Mumbai Gasps for Breath: Silent Pollution Crisis Demands Attention

City’s air quality plummets, raising health and economic concerns

While the winter air pollution crisis in Delhi dominates national headlines, Mumbai grapples with a silent, year-round struggle for clean air. A dense smog engulfed the city on Tuesday, with residents reporting a haze and a noticeable chemical odor.

Data from reveals a stark reality: Mumbai’s PM 2.5 concentration, a key indicator of air pollution, is a staggering 4.7 times higher than the recommended World Health Organization (WHO) limit. This chronic air pollution has a devastating human cost, causing an estimated 14,000 deaths in the city since 2001.

A Greenpeace report adds another layer of concern, highlighting the economic impact of deteriorating air quality. The report estimates that air pollution has cost Mumbai a staggering $3.7 billion in lost economic productivity.

While the recent rise in PM 2.5 levels is partially attributed to slow wind speeds, the larger issue seems to be a lack of sustained attention and action. Unlike Delhi, where winter pollution sparks temporary political debate, Mumbai’s year-round struggle faces relative silence.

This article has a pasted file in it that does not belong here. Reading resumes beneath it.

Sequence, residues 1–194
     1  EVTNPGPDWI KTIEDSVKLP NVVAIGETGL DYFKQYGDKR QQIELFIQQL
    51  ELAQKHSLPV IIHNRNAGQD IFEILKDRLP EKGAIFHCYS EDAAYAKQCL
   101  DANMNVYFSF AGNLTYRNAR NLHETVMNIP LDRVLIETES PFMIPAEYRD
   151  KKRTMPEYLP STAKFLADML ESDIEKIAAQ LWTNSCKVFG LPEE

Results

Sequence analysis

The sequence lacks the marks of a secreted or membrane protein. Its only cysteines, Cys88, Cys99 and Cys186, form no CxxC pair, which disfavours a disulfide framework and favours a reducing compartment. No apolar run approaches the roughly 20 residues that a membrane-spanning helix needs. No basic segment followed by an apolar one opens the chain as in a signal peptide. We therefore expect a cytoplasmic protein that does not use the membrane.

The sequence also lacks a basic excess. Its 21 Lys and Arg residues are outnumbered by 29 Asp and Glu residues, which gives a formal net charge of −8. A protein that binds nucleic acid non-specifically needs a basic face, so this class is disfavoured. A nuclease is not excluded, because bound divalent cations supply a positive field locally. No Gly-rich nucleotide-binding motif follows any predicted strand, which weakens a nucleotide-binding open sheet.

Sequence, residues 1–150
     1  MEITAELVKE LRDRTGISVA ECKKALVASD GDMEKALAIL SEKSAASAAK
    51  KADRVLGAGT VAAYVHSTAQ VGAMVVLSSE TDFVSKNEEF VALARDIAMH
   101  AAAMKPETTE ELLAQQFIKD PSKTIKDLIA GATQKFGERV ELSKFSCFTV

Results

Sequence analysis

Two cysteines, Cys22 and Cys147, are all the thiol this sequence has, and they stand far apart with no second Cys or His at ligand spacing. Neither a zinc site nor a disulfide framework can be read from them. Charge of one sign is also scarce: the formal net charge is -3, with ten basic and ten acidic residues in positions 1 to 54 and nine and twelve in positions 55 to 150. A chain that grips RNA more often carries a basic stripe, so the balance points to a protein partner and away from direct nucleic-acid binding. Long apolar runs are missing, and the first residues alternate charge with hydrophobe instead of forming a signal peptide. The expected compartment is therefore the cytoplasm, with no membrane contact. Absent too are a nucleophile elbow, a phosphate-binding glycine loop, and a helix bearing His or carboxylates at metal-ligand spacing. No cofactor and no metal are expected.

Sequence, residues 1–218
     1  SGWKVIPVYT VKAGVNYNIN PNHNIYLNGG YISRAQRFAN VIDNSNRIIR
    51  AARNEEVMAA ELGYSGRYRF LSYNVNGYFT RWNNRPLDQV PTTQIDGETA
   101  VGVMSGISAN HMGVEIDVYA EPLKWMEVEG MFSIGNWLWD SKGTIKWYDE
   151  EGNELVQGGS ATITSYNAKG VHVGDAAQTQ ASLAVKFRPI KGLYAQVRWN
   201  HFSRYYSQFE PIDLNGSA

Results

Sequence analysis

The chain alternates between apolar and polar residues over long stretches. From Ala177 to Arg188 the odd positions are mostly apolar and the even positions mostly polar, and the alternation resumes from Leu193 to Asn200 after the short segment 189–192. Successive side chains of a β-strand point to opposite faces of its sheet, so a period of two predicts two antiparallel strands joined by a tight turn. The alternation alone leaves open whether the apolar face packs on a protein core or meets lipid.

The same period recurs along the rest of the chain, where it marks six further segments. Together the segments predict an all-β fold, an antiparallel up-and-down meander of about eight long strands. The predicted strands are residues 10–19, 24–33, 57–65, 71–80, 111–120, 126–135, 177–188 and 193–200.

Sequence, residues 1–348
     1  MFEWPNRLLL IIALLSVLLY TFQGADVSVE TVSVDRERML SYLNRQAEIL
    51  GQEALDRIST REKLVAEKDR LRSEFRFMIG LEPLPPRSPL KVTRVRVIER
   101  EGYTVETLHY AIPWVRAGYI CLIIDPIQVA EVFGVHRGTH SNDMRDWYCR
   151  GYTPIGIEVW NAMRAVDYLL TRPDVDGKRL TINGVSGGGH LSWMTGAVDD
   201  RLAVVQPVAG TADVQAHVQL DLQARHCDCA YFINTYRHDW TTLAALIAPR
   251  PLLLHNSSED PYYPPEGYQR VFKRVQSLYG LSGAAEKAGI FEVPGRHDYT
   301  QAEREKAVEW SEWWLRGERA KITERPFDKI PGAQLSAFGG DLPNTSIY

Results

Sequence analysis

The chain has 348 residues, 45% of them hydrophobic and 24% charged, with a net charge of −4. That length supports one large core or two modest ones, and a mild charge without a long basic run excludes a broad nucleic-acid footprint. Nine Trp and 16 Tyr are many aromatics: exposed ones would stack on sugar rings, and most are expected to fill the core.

One resident, a vice president at a multinational company who spoke on condition of anonymity, shared this experience: “The smog is dense, and you can even smell chemicals in the air.”

On Tuesday, the AQI in parts of Mumbai reached 151, categorized as “moderate,” with pockets experiencing “poor” air quality, particularly in Worli, Mazgaon, and Bandra Kurla Complex. While the overall average falls within the moderate category, it highlights the uneven distribution of air pollution within the city.

The lack of sustained national focus on Mumbai’s air pollution crisis is concerning. While immediate solutions are needed to address the current situation, long-term strategies are crucial to ensure the health and well-being of the city’s residents and protect its economic potential.